30 South Meridian Street
 Suite 700
 Indianapolis, IN 46204
 317-951-5300 ph
 317-951-5063 fax
 www.luminafoundation.org

...
Request for Proposals
                Issue Date:       April 1, 2010
          Pre-Proposal Due:       May 14, 2010

To s...
Adult Degree Completion
                 Request for Proposal


Lumina’s Mission and Goal
The mission of Lumina Foundation...
Adult Degree Completion
                  Request for Proposal


Given demographic trends and attainment rates among young...
Adult Degree Completion
                Request for Proposal



     •   Cost: The out-of-pocket costs of tuition, fees, b...
Adult Degree Completion
               Request for Proposal


       per academic term, an associate degree would require ...
Adult Degree Completion
                 Request for Proposal


Characteristics of adult learners. Statistically, adult le...
Adult Degree Completion
                  Request for Proposal


     •   Lack of transparent policies for credit transfer...
Adult Degree Completion
              Request for Proposal


income, and/or people of color. However, it is not expected t...
Adult Degree Completion
              Request for Proposal


          b. Efforts could include strengthening social marke...
Adult Degree Completion
                  Request for Proposal


           learners part of the culture and discussions a...
Adult Degree Completion
               Request for Proposal


designated as lead provider with a key mission to serve retu...
Adult Degree Completion
               Request for Proposal



     •    Significance of the priorities being addressed.
 ...
Adult Degree Completion
              Request for Proposal



          RFP Issue Date:                         April 1, 2...
Adult Degree Completion
              Request for Proposal


                                 RFP GUIDELINES/FORMS

Electr...
Adult Degree Completion
             Request for Proposal




                         Lumina Foundation for Education

  ...
Adult Degree Completion
             Request for Proposal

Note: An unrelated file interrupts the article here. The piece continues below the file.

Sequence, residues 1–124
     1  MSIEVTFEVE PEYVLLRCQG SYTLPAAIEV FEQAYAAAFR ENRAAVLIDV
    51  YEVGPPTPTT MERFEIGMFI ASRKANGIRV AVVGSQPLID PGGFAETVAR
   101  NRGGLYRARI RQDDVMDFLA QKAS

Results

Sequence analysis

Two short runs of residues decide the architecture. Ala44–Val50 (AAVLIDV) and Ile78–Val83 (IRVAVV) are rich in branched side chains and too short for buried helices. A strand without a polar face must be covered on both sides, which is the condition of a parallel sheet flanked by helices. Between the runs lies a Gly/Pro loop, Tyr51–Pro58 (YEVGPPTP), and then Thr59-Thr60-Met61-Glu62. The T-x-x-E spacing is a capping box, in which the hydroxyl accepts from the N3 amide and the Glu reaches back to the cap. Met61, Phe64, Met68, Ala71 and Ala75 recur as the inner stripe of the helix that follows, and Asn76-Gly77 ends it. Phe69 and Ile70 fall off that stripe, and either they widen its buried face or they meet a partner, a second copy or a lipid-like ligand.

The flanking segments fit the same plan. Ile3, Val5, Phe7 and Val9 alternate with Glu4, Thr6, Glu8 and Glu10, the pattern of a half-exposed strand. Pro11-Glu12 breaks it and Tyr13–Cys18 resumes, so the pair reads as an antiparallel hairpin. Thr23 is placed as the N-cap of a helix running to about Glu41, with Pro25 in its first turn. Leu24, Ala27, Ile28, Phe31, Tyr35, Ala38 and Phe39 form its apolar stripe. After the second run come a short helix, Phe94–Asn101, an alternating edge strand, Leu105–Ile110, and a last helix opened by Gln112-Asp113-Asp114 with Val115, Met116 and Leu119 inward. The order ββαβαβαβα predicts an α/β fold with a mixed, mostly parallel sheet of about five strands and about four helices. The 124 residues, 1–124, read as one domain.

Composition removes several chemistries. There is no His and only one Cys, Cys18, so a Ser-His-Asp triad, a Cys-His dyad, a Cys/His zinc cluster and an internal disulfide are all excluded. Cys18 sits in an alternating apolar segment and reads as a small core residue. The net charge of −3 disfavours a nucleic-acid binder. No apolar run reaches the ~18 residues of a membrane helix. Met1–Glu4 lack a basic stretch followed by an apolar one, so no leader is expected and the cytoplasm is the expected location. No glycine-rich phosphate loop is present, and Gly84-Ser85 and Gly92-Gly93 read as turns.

Geographic scope:

   ____ National

   ____ Interstate (mu...
Adult Degree Completion
             Request for Proposal




9. Indicate the estimated cost of the proposed effort. What ...
Adult Degree Completion
                      Request for Proposal


                                           Lumina Fou...
RFP in .DOC format
RFP in .DOC format
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  1. 1. 30 South Meridian Street Suite 700 Indianapolis, IN 46204 317-951-5300 ph 317-951-5063 fax www.luminafoundation.org Request for Proposals to Increase Adult Degree Completion Lumina Foundation to support large-scale efforts to increase degree completion among adults who have earned some college credits. The mission of Lumina Foundation is to expand access and success in education beyond high school, particularly among adults, first-generation college students, low-income students and students of color. This mission is directed toward a single overarching “Big Goal” – to increase the proportion of Americans with high-quality degrees and credentials to 60 percent by the year 2025. Given demographic trends and attainment rates among young adults, it is highly unlikely that the nation can meet its growing need for college-educated workers by continuing to focus primarily on recent high school graduates. All states need to increase the postsecondary participation and success of adults, many of whom have some college credits but lack a degree. The current economic downturn is already funneling hundreds of thousands of over-25 Americans into postsecondary education -- and that trend is sure to intensify as the global, knowledge-based economy demands workers with ever-higher levels of education and training. Overall, this adult- learning boom is a positive trend, and one that holds tremendous promise for individual Americans and the nation as a whole. It is a trend we must embrace if we hope to return the U.S. to a position of global leadership in college degree attainment. We must increase the number of degree-seeking adults, and we must do everything possible to ensure their success. Through the Adult Degree Completion program, Lumina Foundation plans to provide grants of up to $8 million during the next four years to support large-scale efforts to increase degree completion among adults with some college credits. I urge you to consider this important grant opportunity. B Best regards, Jamie P. Merisotis President and CEO Helping People Achieve Their Potential®